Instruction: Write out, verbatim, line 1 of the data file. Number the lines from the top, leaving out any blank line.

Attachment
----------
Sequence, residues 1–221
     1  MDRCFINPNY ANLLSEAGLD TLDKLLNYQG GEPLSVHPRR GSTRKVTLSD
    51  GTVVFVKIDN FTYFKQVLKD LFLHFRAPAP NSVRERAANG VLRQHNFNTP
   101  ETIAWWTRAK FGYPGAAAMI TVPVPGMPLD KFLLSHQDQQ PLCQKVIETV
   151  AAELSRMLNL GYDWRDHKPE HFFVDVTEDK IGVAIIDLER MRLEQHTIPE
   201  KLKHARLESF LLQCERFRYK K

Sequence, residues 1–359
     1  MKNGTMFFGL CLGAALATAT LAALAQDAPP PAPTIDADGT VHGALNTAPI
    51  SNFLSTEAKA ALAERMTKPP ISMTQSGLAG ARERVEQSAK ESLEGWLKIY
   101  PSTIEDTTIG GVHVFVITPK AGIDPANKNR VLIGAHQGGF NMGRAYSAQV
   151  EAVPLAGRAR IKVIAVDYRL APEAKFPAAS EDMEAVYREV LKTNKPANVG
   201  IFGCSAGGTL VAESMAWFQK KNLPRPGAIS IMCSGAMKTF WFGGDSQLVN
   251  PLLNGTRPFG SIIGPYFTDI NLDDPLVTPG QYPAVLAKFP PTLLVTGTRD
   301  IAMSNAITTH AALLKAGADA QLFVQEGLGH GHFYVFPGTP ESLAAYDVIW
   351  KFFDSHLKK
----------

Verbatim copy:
Sequence, residues 1–221